Susan “The Weird One” Gerbic, keeper of all things magnificent and magical. Was born a poor maidservant who spent her early years scrubbing fireplaces and lighting kitchen sinks. Until one day her fairy Godfather, Timothy “Some Call Him Tim” Farley whisked her away from her household duties and showed her this amazing invention called Wikipedia. And now she sits, back hunched not over a pail of water and ashes but over her laptop keyboard. Her home is full of cobwebs, dust kangaroos and pizza boxes, but she doesn’t care or even notice as her vision is only for editing and recording segments on Skepticality.
Bob Blaskiewicz is Visiting Assistant Professor of Writing at the University of Wisconsin, where he teaches writing and communication classes that take extraordinary claims as their subject. He blogs at Skeptical Humanities, is the Committee for Skeptical Inquiry’s “Conspiracy Guy” web columnist, contributes a monthly essay on critical thinking to the Skepticality podcast, and is a weekly panelist on the live web show The Virtual Skeptics, which is like Meet the Press, but with chupacabras. He is the editor of Magic in the Classroom: Using Extraordinary Claims to Teach Critical Thinking, which was published in 2015 by the James Randi Educational Foundation. He is a founding member of the Skeptics for the Protection of Cancer Patients, writes for The OTHER Burzynski Patient Group and thehoustoncancerquack.com. All of this is very strange since he wrote his dissertation on WWII combat veterans’ memoirs. Go figure
Eve Siebert has a Ph.D. in English literature from Saint Louis University and has taught college writing and literature for many years. Her primary area of study is Old and Middle English literature, with secondary concentrations in Old Norse and Shakespeare. She contributed several posts to the Education and Skepticism blog series for the James Randi Educational Foundation and has participated in workshops on Skepticism and Rhetoric, Skepticism across the Curriculum, and Skepticism and the Humanities at The Amazing Meeting. She blogs at Skepticalhumanities and Insight, and is a panelist on the Virtual Skeptics webcast.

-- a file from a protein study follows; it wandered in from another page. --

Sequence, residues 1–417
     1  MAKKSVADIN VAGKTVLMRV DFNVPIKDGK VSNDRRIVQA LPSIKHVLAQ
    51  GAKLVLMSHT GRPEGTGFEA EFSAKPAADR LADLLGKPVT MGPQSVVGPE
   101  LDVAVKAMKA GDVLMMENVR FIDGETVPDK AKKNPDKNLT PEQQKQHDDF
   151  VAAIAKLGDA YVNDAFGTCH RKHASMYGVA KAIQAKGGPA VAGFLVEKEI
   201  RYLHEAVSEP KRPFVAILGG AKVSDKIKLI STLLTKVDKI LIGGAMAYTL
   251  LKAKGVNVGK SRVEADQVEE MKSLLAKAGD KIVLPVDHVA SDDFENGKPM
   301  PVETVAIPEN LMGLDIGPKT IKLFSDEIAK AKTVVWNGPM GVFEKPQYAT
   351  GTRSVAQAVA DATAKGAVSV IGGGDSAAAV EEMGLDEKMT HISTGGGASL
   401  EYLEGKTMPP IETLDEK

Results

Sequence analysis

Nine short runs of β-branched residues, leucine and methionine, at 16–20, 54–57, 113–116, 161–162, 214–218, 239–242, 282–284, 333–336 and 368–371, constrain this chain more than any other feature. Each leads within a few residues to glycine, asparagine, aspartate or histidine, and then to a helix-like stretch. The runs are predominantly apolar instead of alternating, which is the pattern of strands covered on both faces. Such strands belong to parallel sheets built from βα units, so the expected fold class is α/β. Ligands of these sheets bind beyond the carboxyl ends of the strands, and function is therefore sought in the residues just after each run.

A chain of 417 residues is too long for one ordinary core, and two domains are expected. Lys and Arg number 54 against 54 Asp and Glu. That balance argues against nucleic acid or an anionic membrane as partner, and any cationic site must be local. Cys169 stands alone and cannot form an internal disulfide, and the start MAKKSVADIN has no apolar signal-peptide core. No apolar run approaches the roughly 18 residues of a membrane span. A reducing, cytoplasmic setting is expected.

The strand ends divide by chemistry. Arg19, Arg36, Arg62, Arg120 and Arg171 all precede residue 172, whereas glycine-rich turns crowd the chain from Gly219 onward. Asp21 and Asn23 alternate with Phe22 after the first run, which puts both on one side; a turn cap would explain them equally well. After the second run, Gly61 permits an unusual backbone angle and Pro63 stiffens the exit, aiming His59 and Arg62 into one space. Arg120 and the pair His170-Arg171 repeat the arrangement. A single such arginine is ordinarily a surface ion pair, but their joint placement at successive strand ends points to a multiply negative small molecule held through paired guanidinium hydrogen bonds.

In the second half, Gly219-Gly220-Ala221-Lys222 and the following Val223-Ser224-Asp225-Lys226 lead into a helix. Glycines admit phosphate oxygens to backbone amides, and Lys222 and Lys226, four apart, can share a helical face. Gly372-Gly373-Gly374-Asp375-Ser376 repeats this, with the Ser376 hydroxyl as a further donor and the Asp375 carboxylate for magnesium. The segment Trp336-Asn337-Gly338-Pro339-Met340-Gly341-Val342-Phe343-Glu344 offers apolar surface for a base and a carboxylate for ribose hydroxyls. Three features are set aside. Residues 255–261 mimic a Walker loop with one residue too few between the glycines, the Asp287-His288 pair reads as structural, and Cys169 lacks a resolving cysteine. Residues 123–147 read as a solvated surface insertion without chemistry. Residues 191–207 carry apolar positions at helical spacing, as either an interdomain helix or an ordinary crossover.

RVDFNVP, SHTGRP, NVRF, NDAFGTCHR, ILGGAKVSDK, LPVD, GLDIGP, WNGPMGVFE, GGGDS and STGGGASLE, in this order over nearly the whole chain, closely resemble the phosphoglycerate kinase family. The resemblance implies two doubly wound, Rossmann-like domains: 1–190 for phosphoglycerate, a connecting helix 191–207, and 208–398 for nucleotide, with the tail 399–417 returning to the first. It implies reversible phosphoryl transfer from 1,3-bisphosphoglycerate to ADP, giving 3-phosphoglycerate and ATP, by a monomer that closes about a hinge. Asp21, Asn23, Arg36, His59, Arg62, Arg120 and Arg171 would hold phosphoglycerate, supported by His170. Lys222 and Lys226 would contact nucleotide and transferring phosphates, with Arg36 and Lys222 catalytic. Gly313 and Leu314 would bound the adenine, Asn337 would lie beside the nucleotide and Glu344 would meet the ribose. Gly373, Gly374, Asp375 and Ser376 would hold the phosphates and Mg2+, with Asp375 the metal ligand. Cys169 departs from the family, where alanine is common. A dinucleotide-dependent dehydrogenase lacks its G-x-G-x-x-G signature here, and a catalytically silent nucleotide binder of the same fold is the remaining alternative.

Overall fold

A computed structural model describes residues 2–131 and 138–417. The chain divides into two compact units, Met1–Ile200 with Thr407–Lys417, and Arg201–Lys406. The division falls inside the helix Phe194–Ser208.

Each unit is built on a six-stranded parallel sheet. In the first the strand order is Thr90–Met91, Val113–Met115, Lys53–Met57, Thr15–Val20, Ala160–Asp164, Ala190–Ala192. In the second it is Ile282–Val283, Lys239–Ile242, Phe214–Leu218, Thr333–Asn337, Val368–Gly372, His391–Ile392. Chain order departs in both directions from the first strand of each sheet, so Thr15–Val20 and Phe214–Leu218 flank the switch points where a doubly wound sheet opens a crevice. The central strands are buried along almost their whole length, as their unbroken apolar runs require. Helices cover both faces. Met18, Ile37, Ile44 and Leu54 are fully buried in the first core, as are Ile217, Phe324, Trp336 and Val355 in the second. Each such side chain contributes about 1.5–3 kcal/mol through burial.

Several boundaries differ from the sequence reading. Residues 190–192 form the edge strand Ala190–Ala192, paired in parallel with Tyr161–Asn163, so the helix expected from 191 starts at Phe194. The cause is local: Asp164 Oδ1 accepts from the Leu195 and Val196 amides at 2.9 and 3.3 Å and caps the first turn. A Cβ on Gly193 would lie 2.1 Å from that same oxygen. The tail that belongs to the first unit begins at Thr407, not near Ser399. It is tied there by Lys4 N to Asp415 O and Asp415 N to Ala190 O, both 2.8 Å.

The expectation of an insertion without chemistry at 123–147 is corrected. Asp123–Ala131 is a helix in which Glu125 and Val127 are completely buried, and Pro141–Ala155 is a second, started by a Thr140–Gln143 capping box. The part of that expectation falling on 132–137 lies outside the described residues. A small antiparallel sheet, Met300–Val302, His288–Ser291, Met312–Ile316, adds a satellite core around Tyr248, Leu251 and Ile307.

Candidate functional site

Wendy Hughes has been a grassroots skepticism activist for over ten years, as a member and officer of one local grassroots group, and co founder of another. She is the Editor of the Healthy Skepticism channel of Skeptic Ink Network. Wendy discovered skepticism by reading The Demon Haunted World by Carl Sagan, then later Why People Believe Weird Things by Michael Shermer, and by coincidence had taken a night school class at the local community college in the speech department that was an early version of critical thinking.
Introduced to organized skepticism by attending events at the Center for Inquiry-Los Angeles, it replaced grassroots politics and many other volunteer activities as an identity and passion. Wendy is the co founder of The Odds Must Be Crazy, a blog about coincidences that, with the generous help of friends, colleagues and advisors from the skepticism community, explains probability and psychology to help defeat superstition. Coincidences are experiences that almost everyone has had; they can be a gateway into superstition. Wendy hopes that The Odds Must Be Crazy is helping people find the way out.
John Rael is the director and lead kicker of the webseries SkepticallyPwnd (Youtube.com/SkepticallyPwnd). He divides his time between filmmaking, volunteering with organizations like the Skeptic Society and the Investigation Network, and serving alcohol at the Dolby Theatre. If he sounds familiar you are probably just confusing his voice with Zach Braff or Ray Romano.